• Permalink Locally fabricated radio station in Ghana.

Photo credit: Erik (HASH) Hersman via Flickr (http://bit.ly/2sCUIy6) CC BY 2.0Gallery

    Book Review: Everyday Media Culture in Africa: Audiences and Users edited by Wendy Willems and Winston Mano

Book Review: Everyday Media Culture in Africa: Audiences and Users edited by Wendy Willems and Winston Mano

Peter Chonka argues that the volume provides stimulating contributions that highlight the importance of changing media technologies in the ‘everyday’ lives of people on the African continent.

 

Featuring rich ethnographic and textual material – ranging from the phone use of Zanzibari hijabi ‘ninjas’ to a Zimbabwean tabloid’s take on the ‘Bulawayo penis prophet’ – the publisher’s generic series cover image […]

Film Review: N.G.O. – Nothing Going On

Simone Datzberger interviews Arnold Aganze whose latest film serves as a stern critique of how NGOs operate in African countries.

“Colonialism was easier to fight than the massive industry of NGOs in Africa.” says Arnold Aganze, a Congolese writer and director of his latest movie: N.G.O. – Nothing Going On. The movie starts off as a light story about how […]

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    Moroccan Francophone Literature in Translation: Abdellatif Laâbi’s In Praise of Defeat & Abdelkebir Khatibi’s Tattooed Memory

Moroccan Francophone Literature in Translation: Abdellatif Laâbi’s In Praise of Defeat & Abdelkebir Khatibi’s Tattooed Memory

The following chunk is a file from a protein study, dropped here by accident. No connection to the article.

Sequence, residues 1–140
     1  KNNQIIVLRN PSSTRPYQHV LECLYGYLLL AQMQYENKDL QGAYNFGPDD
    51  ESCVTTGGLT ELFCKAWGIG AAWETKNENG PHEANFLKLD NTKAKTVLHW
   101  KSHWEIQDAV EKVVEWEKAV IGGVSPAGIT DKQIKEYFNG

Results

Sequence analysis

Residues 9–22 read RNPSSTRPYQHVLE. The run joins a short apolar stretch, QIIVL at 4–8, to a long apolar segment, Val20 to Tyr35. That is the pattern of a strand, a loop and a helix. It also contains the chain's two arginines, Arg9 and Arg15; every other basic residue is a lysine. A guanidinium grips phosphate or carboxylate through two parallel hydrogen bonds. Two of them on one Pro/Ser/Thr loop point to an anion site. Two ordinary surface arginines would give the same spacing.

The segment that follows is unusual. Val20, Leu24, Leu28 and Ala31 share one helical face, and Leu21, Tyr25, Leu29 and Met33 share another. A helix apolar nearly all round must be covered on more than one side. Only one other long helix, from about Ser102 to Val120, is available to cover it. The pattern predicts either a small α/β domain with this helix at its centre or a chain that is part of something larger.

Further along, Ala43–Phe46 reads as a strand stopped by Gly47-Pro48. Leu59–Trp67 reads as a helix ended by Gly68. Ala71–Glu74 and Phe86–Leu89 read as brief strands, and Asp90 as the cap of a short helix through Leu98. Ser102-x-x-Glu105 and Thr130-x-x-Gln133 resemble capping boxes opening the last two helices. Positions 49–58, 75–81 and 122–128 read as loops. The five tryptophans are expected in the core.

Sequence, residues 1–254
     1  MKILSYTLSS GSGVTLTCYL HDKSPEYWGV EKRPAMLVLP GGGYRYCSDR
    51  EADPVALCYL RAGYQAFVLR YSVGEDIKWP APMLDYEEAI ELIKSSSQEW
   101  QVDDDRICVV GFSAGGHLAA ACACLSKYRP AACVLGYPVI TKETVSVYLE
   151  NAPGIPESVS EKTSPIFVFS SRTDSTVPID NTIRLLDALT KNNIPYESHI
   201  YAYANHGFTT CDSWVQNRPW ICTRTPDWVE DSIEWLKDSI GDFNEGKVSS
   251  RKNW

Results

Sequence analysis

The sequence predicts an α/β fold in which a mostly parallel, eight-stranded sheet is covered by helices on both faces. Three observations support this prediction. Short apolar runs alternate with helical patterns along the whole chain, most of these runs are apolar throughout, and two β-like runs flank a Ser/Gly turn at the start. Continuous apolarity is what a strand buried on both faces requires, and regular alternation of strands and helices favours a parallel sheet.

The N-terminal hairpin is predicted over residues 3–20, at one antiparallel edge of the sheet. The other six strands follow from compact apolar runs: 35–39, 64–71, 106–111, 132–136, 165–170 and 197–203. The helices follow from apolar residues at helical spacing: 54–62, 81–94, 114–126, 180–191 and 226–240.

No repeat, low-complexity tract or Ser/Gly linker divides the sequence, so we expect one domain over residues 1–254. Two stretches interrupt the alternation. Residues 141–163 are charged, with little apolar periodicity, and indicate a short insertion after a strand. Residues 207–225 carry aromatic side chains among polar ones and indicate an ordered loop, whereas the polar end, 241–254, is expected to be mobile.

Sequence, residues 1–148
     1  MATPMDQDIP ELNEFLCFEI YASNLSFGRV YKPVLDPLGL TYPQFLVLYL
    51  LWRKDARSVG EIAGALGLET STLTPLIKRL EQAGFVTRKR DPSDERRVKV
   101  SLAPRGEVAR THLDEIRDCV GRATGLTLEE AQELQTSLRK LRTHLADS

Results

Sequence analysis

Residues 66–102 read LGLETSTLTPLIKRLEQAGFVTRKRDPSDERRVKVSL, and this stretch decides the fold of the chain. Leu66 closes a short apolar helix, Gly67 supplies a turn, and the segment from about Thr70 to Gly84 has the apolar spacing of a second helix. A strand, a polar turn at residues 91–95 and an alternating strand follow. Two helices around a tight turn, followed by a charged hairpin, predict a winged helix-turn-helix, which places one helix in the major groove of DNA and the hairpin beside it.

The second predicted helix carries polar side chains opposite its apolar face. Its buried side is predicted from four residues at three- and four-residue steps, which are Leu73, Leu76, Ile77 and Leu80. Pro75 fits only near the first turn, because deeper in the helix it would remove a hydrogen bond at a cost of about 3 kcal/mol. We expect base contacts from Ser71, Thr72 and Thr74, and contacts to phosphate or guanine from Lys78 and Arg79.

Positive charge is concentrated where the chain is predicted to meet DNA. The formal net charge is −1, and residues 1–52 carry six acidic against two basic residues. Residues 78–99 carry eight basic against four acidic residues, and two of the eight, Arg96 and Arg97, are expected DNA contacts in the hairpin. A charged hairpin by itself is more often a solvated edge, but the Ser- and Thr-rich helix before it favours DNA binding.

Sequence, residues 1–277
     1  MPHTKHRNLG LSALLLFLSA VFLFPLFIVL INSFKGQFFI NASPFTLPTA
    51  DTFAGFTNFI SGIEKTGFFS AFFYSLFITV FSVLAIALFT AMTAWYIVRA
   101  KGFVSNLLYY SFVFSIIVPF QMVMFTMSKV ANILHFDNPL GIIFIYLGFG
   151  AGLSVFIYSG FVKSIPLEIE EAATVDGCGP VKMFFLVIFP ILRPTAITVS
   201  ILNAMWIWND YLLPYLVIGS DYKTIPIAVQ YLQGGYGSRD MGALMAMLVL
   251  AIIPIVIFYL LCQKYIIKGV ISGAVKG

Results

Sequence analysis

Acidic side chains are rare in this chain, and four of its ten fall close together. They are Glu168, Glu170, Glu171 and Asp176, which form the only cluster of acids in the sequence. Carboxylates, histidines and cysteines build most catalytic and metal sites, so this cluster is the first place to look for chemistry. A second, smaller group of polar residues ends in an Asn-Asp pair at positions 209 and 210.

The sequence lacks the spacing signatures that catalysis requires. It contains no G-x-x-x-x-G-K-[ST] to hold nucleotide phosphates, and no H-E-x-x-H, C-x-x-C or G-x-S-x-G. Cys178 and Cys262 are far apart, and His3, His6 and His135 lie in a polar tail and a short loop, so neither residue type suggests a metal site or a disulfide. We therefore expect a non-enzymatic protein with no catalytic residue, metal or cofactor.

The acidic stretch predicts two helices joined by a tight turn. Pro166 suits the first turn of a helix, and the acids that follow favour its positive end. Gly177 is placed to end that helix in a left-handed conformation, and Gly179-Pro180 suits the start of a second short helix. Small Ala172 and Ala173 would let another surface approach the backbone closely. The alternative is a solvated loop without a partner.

As works of Morocco’s most famed writers are being translated for English readers to discover, Khalid Lyamlahy explores how translators have sought to capture the full range of nuance and diversity in their volumes, offering a new perspective on Moroccan identity and culture.

 

What can an Anglophone reader learn from Moroccan Francophone literature? At a time when multilingualism is […]

  • Permalink A young Seretse Khama who would later become the first President of BotswanaGallery

    Reading List: @AfricaAtLSE Blog Posts of the Year – Editor’s Cut

Reading List: @AfricaAtLSE Blog Posts of the Year – Editor’s Cut

You may have already have seen our Most Popular Blog Posts of the Year, so you may be wondering what this is about. Well, this is to capture notable articles which did not make it into the Top 10, but stood out in other ways. This could be the way they resonated with their readers or how aptly they […]

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    Book Review – Water: New Short Fiction from Africa edited by Nick Mulgrew and Karina Szczurek

Book Review – Water: New Short Fiction from Africa edited by Nick Mulgrew and Karina Szczurek

Arresting, memorable and innovative – that is how LSE’s Matt Birkinshaw describes the new collection of short stories entitled Water: New Short Fiction from Africa.

A diverse collection of 21 pieces of short fiction in English, Water features work from across the continent with a concentration in South, and southern Africa.  The book presents work submitted to Short Story Day Africa […]